Microfluidics engineering: a lab-on-chip bioassay for in vivo nematode testing
Carr, John Anthony (2010) Microfluidics engineering: a lab-on-chip bioassay for in vivo nematode testing. Masters thesis, Iowa State University.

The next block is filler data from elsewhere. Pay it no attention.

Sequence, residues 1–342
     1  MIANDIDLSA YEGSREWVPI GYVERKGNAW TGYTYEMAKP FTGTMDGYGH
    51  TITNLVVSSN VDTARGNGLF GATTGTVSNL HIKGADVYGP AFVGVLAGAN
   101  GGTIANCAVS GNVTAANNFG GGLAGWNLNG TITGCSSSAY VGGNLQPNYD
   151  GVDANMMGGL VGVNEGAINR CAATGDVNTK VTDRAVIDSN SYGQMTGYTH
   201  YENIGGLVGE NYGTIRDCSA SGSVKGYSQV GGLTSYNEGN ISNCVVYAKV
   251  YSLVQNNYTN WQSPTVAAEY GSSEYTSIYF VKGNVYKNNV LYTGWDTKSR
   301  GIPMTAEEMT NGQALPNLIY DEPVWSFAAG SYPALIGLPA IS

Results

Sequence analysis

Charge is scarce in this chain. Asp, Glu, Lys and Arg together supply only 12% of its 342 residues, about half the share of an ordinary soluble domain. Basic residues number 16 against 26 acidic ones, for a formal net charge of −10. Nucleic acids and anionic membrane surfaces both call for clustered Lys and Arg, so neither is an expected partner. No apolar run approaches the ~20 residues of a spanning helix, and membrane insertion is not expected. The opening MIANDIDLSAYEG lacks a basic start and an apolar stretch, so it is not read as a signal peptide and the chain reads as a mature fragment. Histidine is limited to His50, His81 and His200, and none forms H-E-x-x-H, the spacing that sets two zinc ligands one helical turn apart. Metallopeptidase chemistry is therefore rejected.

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The nematode is a microscopic worm belonging to the phylum Nematoda. With over 2200 described genera in about 250 families, the nematode is among the most diverse of all pseudocelomates. These worms are the most ubiquitous multicellular organisms on earth and are crucial for maintaining soil nutrients and overall symbiotic relationships between plants and certain organisms. However, as many as 33% of the estimated 40,000 nematode species have been classified as parasitic. Of particular interest to the farming community, nematode parasites can infect plants (e.g. corn, soybean and wheat), animals (e.g. pigs, sheep, goats and cows) and even humans, causing illness and severe agricultural loss. Conventional control methods based on chemotherapy face a major challenge as nematodes are developing resistances to the known nematocides. As new resistant isolates emerge and new drugs are developed to control them, there is a great need for improved methods of screening resistance and determining dose response. In this thesis, a microfluidic platform for screening drugs and their dose response on the locomotive behavior of parasitic nematodes is presented. The system offers reduced experimental time, higher sensitivity, and, for the first time, real-time observation of drug effects at a single worm resolution. The presented lab-on-chip bioassay can be reliably used to identify changes in multiple locomotion parameters and to determine exposure effects as a function of time. Existing nematode motility and migration assays do not offer such a level of sophistication. The device comprises two principal components: (i) microchannels to study nematode motility during the pre- and post-exposure periods of the experiment and (ii) a drug well for administering the dose and studying drug effects at different exposure times. The drug screening experiment can be described by three main phases: (i) ‘pre-exposure study’ - worms are inserted into the microchannels and their locomotion is characterized, (ii) ‘dose exposure’ – worms are guided from the microchannels into the drug well and exposed to a dose for a predefined time and (iii) ‘post-exposure study’ – worms are guided back into the microchannels where their locomotion is characterized and compared to pre-exposure motility. We demonstrate the workability of the microfluidic platform on the parasitic Oesophagotomum dentatum (levamisole sensitive, SENS and levamisole resistant, LEVR) using levamisole as the test drug. The proposed scheme of drug screening on a microfluidic device is expected to significantly improve the resolution, sensitivity and throughput of in vivo nematode testing, while offering new details on the real-time exposure effects of new and existing anthelmintics. A second project, ‘the electrotactic nematode gate’, is presented as a byproduct of the aforementioned lab-on-chip bioassay. Current microfluidic methods for gating (i.e. opening or closing a certain pathway to) nematode movement use a pinch type or polymer membrane valve. Although effective, these valves are generally large static structures, lack the potential for automation and, in some cases, require a multistep molding process. The electrical gate presented in this thesis advantageously uses the electrotactic response of nematodes to generate a dynamic, microscale gate that can be easily programmed and integrated into an automated bioassay. The gate requires only two electrode ports that have a separation larger than the nematodes’ penetration depth (10-300 μm depending on species) and can therefore be fabricated as a single-mold microfluidic device. It is expected that the presented device will help to streamline new and existing bioassays, especially in the Caenorhabditis elegans community.
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